Hi all, budding sculptors! Let’s discuss the best sculpting tools for working with polymer clay! It’s versatility, strength, and many multitudes of colors and styles make it fun and enjoyable to work with, but we need to have the right tools in our toolbox to enhance our experience further.
When you’re first getting started you might find that a plastic knife will get you through some parts but after awhile, why stop there?
Bakeable polymer clay has a rather dense feeling to it, due to its plastic/PVC (polyvinyl chloride) composition which you notice right away after you start to knead it and get the “newness” worked out.
Pin to Your Clay Board 😊
Therefore, conventional sculpting tools may not always work as well (some will, but others, not so much.)
Because there’s lots of tools out there and it can get overwhelming, I’m starting this list with the most essential tools….and then the ones you’ll want to think about later on after you get some experience under your belt. So without further ado let’s dive in!
An X-acto Knife (Or Similar…)
An x-acto knife is good to have for the obvious reason they are super-sharp for slicing out slabs of clay. It should come with a protective cap and perhaps a replacement blade. There are other types of knives that can work well, too.
Polymer clay can be kind of stiff and a sharp knife is essential. Also, long blades can be even better for making precisely cut slabs lengthwise, so you’ll want to have an assortment of knives and cutting blades which will make cutting clay slabs much easier prior to kneading.
Make sure you use the plastic tools for adding detail only, They will not slice the clay properly the way a knife or cutting blade will!
I use my plastic knives to embellish a design, like I’m doing in the image above, beveling the edge of this piece. I made the mistake one time of using it for something else and one end snapped on me! Unfortunately taping it back on didn’t really work, but the good part is that it had another shaped end that is still useful.
Now you may notice in one of my pictures , the knives in my collection, and that they look a little different from what I’m describing to you. I have a good story about those. A friend of mine’s roommate moved out and he left his wood sculpting tool set behind (along with sculptures in progress…why?) My friend said it was OK to keep the tools. They are actually made for wood carving, but as I’ve found they seem to work very well for slicing clay!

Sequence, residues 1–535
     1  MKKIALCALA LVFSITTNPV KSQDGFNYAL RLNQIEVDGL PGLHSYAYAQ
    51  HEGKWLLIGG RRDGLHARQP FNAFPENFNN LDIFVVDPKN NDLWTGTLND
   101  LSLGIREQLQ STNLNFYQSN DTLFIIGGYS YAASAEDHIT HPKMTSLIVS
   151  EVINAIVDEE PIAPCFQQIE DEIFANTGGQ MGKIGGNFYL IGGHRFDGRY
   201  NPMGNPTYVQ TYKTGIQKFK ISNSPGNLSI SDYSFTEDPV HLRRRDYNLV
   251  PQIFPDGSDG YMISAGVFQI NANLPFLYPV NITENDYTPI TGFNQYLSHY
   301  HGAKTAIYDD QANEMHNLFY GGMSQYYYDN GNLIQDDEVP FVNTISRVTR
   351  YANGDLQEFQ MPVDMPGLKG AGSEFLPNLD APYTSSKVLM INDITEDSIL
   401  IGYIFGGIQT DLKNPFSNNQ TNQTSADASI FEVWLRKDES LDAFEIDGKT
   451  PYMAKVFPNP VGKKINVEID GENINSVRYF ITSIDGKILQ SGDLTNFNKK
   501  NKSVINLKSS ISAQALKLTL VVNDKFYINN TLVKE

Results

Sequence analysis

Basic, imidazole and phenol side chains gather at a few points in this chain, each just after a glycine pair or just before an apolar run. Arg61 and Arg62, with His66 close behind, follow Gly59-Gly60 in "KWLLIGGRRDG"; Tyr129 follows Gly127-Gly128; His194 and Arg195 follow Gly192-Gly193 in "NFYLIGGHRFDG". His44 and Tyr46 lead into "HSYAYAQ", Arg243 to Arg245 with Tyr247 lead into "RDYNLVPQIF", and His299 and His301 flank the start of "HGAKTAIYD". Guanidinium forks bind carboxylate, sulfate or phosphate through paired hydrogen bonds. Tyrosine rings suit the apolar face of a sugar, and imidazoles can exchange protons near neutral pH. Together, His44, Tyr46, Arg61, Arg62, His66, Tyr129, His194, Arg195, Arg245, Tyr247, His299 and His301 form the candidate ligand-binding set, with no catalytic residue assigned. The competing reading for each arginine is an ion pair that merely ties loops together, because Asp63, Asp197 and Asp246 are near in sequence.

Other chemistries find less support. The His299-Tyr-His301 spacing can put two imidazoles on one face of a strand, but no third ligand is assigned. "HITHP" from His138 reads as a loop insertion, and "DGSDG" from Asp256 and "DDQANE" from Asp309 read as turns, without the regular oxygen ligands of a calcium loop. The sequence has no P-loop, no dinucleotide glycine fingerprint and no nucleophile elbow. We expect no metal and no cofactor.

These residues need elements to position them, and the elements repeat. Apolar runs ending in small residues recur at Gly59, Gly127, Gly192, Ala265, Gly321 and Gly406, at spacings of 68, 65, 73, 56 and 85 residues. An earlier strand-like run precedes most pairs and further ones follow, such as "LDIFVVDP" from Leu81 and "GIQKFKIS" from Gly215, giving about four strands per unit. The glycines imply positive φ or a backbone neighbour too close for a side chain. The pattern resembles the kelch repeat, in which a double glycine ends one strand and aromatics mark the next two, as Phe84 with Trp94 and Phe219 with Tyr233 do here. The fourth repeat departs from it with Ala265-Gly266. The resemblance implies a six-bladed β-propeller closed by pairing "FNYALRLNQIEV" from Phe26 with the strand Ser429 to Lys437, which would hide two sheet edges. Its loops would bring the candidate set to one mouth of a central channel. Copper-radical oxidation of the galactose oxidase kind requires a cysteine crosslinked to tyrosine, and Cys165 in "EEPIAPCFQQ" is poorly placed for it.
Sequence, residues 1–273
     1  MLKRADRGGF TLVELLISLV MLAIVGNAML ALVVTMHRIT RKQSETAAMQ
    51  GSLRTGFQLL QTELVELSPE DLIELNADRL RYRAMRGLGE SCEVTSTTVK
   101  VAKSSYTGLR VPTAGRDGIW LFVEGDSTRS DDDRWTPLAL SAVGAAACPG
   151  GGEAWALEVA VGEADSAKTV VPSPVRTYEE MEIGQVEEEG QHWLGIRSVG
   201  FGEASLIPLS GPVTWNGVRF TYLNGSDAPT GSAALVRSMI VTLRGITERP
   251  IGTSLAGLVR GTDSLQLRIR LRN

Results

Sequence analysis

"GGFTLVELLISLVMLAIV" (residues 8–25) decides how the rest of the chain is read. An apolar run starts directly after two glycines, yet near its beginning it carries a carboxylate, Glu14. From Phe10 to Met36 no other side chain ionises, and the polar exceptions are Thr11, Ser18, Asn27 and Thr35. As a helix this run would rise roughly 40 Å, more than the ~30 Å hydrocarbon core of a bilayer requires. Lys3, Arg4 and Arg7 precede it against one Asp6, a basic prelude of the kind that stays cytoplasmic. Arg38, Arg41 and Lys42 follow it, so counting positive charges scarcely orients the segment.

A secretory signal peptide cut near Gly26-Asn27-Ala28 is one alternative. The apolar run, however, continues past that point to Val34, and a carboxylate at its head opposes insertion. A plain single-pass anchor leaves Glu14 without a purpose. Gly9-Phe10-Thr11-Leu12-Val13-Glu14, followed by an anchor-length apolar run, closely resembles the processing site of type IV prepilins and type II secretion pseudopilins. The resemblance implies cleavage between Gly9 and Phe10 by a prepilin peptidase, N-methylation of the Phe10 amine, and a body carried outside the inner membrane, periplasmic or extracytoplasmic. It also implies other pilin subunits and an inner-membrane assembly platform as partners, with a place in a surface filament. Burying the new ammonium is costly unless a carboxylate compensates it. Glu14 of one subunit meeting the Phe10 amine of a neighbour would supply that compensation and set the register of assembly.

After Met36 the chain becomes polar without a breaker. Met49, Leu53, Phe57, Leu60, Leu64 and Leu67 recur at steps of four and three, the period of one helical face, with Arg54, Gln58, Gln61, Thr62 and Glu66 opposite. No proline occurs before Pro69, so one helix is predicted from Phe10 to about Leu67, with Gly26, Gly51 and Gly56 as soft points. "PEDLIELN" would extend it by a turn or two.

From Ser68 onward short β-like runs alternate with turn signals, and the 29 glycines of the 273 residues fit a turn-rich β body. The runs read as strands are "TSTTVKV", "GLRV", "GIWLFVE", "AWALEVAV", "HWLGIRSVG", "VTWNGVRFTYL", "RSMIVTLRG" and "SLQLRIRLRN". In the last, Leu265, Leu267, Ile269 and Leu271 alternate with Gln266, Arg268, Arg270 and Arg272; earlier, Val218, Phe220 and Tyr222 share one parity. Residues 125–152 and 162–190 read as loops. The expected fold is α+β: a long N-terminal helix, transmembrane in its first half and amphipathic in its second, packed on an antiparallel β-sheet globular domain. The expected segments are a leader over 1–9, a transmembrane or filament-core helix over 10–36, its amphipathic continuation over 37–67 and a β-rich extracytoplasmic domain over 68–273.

This transparent cylinder shaped object is what I use to roll out perfect slabs. A must-have if you plan to focus on things like making jewelry pieces, and other things that are slab-based , like decorative bowls, wall hangings, ornaments for your Christmas tree, and more.
It’s pretty much a smaller version of the rolling pin used for baking . If you really wanted, you could use one of those, but this nice little acrylic one is a much better size which is all you need for the smaller batches that polymer clay comes in. Another thing about conventional rolling pins is that they are mostly made of wood, which is semiporous and clay will have a tendency to stick to it, which may cause no harm, but it could get annoying.
It measures about 8″ so it won’t take up room in whatever place you choose to store it.
A sharp point tool like this one I found, is important for poking small holes in objects you plan on hanging up, like wall decorations or ornaments (one exception – I did use a gem clip inserted into the back of one of my wall hangings to serve as the built-in hanger, which is another good option…)
But you’ll still need to have something that can pierce teeny holes or allow you to carve tiny details into your work in progress.
Clay Softeners and Conditioners
One of the drawbacks of working with polymer clay is there are times when it can become stiff and harder to work with if it’s a little older or not properly stored. It can get dry under good conditions, too…just par for the course. From time to time you will probably need to reach for something you can easily work into it to make it more pliable.
There are proprietary softeners available, but I’ve also found that oil-based household products, such as mineral and olive oil, can work great as clay softeners. All I need is a few drops to a teaspoon, depending on the amount in question, a little kneading action, and I am back in business!
A piece of fine grit sandpaper can be helpful before you paint your objects, applying light pressure as it will help them stick better. Generally, “wet-dry” sandpaper is the best option, as it helps prevent particles of dust from marring your projects, so it may be a good idea to pick up some of these at your local home improvement store.
You also want to look for a certain “grit’ like about 400 for best results. You can go up a little more, gradually. I give some advice about the sanding process more in this post so be sure to read up on it there!
Wax Paper and Aluminum Foil